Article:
Wednesday, October 12, 2011

Heart to Heart

Within 15 seconds of dropping the big, heavy umbrella base on my toes, I already was 1)nauseous bc of the blood I saw, 2)mad I wouldn't be able to wear my new boots that night, and 3)devastated that I wouldn't be able to run 8 days later in the Manhattan Beach 10k, the only 10k I'm absolutely committed to running in for the rest of my life. I let the injury run it's course and endured the pain (yes, it was painful even if it only was a toe or two) but couldn't squash the desire to run that dang 10k.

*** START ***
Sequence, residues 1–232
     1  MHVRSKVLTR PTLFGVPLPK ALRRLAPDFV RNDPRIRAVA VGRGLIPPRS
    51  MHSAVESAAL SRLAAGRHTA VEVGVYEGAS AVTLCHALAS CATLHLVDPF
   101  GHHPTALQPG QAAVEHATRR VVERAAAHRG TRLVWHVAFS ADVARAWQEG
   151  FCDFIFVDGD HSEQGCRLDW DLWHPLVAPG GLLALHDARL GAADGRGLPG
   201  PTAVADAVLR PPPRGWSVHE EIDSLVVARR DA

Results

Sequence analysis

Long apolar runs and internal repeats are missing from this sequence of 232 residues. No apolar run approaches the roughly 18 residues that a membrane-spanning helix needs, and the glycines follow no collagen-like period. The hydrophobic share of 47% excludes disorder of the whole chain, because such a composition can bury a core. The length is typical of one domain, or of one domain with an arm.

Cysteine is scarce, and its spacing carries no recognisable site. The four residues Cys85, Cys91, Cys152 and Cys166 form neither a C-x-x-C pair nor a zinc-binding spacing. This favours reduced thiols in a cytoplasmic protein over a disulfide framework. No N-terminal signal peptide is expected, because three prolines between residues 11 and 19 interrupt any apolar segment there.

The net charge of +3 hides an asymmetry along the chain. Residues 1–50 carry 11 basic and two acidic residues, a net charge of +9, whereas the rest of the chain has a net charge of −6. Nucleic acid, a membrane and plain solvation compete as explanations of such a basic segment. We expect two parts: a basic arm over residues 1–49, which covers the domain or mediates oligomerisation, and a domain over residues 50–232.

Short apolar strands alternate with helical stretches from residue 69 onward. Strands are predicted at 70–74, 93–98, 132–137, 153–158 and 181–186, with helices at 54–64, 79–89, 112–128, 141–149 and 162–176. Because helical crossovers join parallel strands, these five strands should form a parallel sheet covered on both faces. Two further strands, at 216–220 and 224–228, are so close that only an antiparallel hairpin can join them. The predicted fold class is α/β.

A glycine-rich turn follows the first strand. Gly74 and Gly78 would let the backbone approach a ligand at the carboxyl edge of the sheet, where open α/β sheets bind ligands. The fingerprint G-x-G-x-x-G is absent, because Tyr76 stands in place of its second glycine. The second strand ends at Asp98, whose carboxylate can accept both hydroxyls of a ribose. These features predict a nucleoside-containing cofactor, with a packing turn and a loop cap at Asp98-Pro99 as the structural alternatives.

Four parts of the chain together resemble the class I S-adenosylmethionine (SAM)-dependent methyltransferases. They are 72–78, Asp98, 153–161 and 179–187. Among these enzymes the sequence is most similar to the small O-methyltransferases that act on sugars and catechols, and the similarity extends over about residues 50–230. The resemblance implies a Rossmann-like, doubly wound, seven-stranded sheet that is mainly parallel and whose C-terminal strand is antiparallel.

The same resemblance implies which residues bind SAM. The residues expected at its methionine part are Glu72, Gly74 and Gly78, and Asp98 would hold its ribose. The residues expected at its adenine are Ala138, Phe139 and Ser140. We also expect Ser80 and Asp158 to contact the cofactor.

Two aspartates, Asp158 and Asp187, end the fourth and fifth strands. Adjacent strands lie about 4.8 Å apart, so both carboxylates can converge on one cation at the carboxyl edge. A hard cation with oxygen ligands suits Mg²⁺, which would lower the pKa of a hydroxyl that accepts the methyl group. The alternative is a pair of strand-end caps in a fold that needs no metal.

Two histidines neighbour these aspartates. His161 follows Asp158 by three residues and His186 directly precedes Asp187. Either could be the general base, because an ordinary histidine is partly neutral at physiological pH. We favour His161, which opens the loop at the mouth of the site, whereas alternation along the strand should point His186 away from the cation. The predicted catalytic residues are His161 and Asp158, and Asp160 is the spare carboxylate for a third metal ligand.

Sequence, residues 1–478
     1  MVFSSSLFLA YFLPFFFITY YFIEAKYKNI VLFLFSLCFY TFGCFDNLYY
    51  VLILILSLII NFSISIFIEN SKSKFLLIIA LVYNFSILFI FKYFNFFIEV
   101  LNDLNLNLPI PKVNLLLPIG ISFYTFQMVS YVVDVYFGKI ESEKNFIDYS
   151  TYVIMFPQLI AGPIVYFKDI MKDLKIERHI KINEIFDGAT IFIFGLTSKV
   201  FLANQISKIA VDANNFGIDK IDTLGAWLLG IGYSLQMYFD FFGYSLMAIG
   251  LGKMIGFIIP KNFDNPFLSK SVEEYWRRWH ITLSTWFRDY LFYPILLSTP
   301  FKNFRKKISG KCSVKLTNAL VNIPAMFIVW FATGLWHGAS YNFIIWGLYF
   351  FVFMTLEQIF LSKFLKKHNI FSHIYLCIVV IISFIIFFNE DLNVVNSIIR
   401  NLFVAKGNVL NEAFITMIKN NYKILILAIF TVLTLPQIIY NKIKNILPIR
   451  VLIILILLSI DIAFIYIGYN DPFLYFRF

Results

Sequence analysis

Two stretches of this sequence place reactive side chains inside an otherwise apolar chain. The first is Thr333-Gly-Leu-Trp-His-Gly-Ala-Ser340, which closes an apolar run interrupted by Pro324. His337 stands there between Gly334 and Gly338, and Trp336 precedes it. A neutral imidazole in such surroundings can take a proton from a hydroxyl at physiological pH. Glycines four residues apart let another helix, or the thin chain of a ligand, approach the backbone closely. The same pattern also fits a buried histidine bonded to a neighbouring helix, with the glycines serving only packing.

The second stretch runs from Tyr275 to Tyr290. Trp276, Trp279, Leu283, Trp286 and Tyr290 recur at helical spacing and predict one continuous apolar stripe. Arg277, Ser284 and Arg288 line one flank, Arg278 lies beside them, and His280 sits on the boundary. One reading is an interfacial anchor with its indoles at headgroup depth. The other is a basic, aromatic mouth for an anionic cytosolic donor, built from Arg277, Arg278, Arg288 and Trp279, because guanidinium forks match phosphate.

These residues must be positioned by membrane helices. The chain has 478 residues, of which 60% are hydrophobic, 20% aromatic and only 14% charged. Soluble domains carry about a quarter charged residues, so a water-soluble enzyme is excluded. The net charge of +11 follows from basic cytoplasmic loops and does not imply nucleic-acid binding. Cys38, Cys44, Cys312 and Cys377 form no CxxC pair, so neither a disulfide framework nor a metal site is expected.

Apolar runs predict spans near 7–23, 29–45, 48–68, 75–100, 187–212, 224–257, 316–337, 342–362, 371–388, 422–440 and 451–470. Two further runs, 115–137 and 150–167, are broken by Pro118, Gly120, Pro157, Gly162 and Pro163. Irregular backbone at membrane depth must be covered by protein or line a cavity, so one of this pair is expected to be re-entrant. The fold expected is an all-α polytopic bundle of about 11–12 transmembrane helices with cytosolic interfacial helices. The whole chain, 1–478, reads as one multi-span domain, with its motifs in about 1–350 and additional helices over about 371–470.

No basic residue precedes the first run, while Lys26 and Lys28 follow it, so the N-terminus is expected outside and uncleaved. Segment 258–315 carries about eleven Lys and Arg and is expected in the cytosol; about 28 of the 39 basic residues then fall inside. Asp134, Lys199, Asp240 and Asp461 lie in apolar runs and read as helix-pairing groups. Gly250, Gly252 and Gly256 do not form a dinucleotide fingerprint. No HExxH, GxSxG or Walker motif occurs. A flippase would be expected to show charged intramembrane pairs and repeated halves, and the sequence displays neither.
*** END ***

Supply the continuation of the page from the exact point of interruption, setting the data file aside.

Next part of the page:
After reaching out for some tips to FB- which produced no sympathy-, I got the buoying up I needed to commit to the run. So Saturday morning I got up bright and early, loaded up on the IB, wrapped those toesie wosies, and headed out to run for the first time in almost two weeks. The toes were numb enough when the race started and really only caused minimal discomfort. Turns out, they were the least of my concerns. My movement was all stiff from lack of activity. I kinda felt like a running mummy. My body was out of sorts- I kept breaking out in cold sweats, wondering, " I going to pass out?" So I walked. And then I ran again wondering, " I going to throw up?" My thought was right in sync with the man behind me bc in that instant he started barfing....right in stride with his running. Didn't even slow down, never missed a beat. I was shocked that people really do that. I've heard of people doing it and once a trainer even suggested that I run until I throw up. Uhhh....PASS. But never did I know people really did this. I learned that they do. Must be a special breed because I don't like pain or discomfort. Which is why you found me rolling around on the ground, writhing in pain for one FULL hour after breaking my toe. My husband was no where to be found, my personal nurse/Kady did the best she could over the phone after I literally crawled upstairs to call her, and my lifeline/Christy finally bailed me and the babies out 45 into the trauma. So no, I would not be passing out or throwing up to make it through this run even if I wanted to.